Hypertension in Pregnancy

Your blood pressure is checked at each prenatal visit to detect any changes from your normal reading.

For approximately 7% of all pregnant women, high blood pressure or hypertension does become a problem. If your blood pressure is elevated, it can affect you and your baby's well-being. Some women enter pregnancy with higher than normal blood pressure readings. For others, high blood pressure is pregnancy induced (high blood pressure that develops after 20 weeks of pregnancy). If, at a prenatal visit, your blood pressure is higher than what is normal for you, your blood pressure will be re-checked and our doctors and nurses may order further testing.

The four categories of hypertension in pregnancy are:

  • Chronic hypertension - High blood pressure that occurs before pregnancy or before 20 weeks of pregnancy.
  • Gestational hypertension - High blood pressure that develops after 20 weeks of pregnancy.
  • Preeclampsia - High blood pressure that develops after 20 weeks of pregnancy accompanied by increased swelling and protein in the urine.
  • Chronic hypertension with preeclampsia (both) - High blood pressure that occurs before pregnancy and becomes worse during pregnancy.

Gestational hypertension is usually diagnosed in the third trimester of pregnancy and can occur after delivery. Pregnant women most at risk for this disorder include:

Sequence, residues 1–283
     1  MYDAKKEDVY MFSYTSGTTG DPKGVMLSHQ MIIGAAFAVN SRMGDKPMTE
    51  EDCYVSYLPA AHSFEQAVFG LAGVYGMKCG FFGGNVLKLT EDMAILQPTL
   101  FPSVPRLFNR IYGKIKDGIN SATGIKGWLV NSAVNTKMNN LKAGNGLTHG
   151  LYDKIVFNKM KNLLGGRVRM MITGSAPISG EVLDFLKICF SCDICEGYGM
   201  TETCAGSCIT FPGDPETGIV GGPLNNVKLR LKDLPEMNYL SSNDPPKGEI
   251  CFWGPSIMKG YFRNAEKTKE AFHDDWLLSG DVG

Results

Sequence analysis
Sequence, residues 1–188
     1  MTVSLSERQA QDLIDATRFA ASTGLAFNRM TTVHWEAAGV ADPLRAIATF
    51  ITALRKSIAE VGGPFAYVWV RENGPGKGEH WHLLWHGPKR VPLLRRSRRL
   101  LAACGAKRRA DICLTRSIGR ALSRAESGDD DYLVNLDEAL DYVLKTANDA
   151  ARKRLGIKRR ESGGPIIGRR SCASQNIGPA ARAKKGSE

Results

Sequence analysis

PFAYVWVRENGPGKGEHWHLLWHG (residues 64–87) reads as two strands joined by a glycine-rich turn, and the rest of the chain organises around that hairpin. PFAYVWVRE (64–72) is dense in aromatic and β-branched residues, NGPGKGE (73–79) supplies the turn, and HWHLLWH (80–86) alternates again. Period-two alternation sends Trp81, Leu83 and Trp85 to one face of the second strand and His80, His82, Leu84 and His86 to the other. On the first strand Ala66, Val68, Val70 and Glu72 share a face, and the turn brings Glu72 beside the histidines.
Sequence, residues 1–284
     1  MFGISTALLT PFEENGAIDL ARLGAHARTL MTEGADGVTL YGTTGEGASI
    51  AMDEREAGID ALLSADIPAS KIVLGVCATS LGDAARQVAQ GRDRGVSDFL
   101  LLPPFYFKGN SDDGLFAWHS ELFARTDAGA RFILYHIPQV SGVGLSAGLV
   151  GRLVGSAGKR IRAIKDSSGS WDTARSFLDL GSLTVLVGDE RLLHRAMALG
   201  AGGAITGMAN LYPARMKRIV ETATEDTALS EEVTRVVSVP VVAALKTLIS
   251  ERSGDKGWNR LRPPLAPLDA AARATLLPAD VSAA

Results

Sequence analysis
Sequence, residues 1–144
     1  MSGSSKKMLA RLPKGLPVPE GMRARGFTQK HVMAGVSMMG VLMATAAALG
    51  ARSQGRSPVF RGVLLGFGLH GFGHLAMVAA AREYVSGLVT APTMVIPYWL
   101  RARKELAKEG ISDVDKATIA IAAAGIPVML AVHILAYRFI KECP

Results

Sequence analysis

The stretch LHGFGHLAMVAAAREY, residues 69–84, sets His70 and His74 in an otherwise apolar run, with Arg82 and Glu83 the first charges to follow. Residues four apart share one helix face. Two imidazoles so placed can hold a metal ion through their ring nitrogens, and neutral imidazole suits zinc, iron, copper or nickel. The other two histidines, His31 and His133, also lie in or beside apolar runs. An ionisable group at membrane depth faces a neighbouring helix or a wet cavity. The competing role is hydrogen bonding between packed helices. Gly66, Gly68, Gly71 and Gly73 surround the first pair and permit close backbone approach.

• Those under age 20 or over age 35
  • Those pregnant for the first time
  • Those who have had hypertension in a previous pregnancy
  • Those whose mother had gestational hypertension
  • Those with kidney disease
  • Those with diabetes

Promptly contact your provider if any of the following symptoms occur:

  • A sudden weight gain (2 or more pounds in a few days)
  • Headache, blurred vision, or spots before the eyes
  • Pain in the upper abdomen ("epigastric pain")
  • Unusual swelling or puffiness in the face and/or hands. Treatment for hypertension may include:
    • Urine, blood pressure, and weight checks
    • Medication
    • Dietary changes
    • Restricted activity -- Restricted activity can refer to anything from periodic rest periods during the day, to complete bedrest. The purpose of restricted activity is two-fold:
      • Resting on your side (left side is best) decreases your blood pressure
      • A side lying position also improves the blood flow to the baby.

Talk with your midwife/doctor to formulate a treatment plan.

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